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Nearly Zero-Energy Building
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Nearly Zero-Energy Building (NZEB)

Nearly Zero-Energy Buildings (NZEBs) are at the forefront of the EU’s strategy to enhance buildings’ energy performance and reduce the building sector’s overall energy consumption and carbon footprint. NZEBs are characterised by very low energy requirements, with most of their energy consumption covered by renewable sources, preferably produced on-site or nearby. The push for NZEBs directly responds to the EU’s ambitious climate and energy goals, aiming to make all new buildings NZEB by 2021 for public buildings and 2021 onwards for all new buildings.

Goals and Objectives of NZEB

The primary goals and objectives associated with NZEBs include:

Minimizing Energy Consumption: Drastically reduce the energy needed for heating, cooling, ventilation, lighting, and equipment without compromising comfort or usability.

Maximizing Use of Renewable Energy: Ensure that energy from renewable sources significantly covers the low energy demand.

Reducing Carbon Emissions: Contribute to the EU’s climate targets by minimising the carbon footprint of the building sector.

Promoting Technological Innovation: Encourage the development and integration of new energy-efficient and renewable energy technologies in the building sector.

Methodologies or Approaches for Implementation

Implementing NZEB standards involves:

  1. Integrated Design Process: Engaging all stakeholders (architects, engineers, clients, and users) early in the design process to optimise the building’s energy performance.
  2. Energy Efficiency First: Applying energy efficiency measures to the building envelope and systems to minimise energy needs.
  3. Renewable Energy Integration: Incorporating renewable energy technologies (solar panels, wind turbines, biomass systems, etc.) to meet energy demands.
  4. Innovation and Smart Technologies: Utilizing smart building technologies and innovative materials to reduce energy consumption further and enhance comfort.

Integration with EPBD Goals and Key Elements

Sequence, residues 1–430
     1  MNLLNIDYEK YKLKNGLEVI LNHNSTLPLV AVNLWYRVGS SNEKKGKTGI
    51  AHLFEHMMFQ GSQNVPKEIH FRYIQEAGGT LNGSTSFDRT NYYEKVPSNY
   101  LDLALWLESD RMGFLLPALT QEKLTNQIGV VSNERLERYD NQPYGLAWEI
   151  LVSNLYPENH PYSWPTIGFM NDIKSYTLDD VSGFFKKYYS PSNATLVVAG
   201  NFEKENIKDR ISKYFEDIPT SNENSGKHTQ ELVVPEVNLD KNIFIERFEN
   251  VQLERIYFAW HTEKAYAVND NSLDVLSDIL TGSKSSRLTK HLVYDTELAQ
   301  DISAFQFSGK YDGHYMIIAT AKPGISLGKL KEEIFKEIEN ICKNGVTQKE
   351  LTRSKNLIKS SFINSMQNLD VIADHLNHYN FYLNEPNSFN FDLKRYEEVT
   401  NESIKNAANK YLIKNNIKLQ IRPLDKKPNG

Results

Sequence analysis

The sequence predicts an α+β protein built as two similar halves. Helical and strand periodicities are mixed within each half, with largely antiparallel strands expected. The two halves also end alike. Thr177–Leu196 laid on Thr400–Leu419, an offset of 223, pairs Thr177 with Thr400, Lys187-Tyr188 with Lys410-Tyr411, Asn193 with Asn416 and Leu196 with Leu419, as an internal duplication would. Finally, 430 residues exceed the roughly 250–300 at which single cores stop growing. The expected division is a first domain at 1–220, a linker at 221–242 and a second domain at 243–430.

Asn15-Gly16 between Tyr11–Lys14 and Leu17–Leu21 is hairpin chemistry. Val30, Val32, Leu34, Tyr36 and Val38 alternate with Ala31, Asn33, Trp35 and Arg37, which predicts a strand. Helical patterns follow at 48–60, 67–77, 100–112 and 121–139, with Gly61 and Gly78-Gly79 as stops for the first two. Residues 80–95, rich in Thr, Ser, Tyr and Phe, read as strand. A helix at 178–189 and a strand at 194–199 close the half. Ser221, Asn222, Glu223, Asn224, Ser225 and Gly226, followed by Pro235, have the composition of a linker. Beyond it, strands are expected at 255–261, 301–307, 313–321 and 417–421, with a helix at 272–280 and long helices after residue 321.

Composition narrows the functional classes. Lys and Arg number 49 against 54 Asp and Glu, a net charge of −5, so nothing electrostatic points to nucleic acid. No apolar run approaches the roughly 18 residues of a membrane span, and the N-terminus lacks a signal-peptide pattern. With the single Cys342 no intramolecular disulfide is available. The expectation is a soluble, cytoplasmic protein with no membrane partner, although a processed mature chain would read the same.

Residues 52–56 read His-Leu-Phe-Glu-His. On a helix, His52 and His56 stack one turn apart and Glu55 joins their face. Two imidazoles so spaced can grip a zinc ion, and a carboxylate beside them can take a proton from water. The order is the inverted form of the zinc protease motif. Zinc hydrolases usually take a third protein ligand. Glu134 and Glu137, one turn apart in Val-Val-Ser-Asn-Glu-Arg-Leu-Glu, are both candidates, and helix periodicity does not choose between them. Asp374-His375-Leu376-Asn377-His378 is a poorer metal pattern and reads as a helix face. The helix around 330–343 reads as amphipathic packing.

Cost-optimal Level Calculations: NZEBs are aligned with cost-optimal level calculations by balancing the upfront costs of energy efficiency measures and renewable energy systems with long-term savings on energy costs, ensuring that achieving NZEB standards is financially viable over the building’s lifecycle.

Energy Performance Certificates (EPCs): EPCs for NZEBs demonstrate the highest levels of energy performance, serving as an example for the market and incentivising the adoption of NZEB standards. They not only highlight the energy efficiency of these buildings but also their integration of renewable energy sources.

Long-Term Renovation Strategy: NZEBs are a key target within long-term renovation strategies, providing a clear goal for the energy performance of buildings undergoing renovation. The push for NZEBs supports the broader EU objective of transforming the existing building stock into a more energy-efficient and sustainable one.

Smart Readiness of Buildings: NZEBs often incorporate smart technologies to optimise energy use and production, aligning with the EPBD’s emphasis on smart readiness. These technologies enable NZEBs to adapt their energy consumption according to occupancy, external conditions, and the availability of renewable energy, enhancing their efficiency.

NZEBs are critical to the EU’s strategy for a sustainable, energy-efficient future. They exemplify how buildings can play a pivotal role in achieving the EU’s energy and climate targets, serving as a model for the global transition towards more sustainable building practices.

Additional resources about the NZEB

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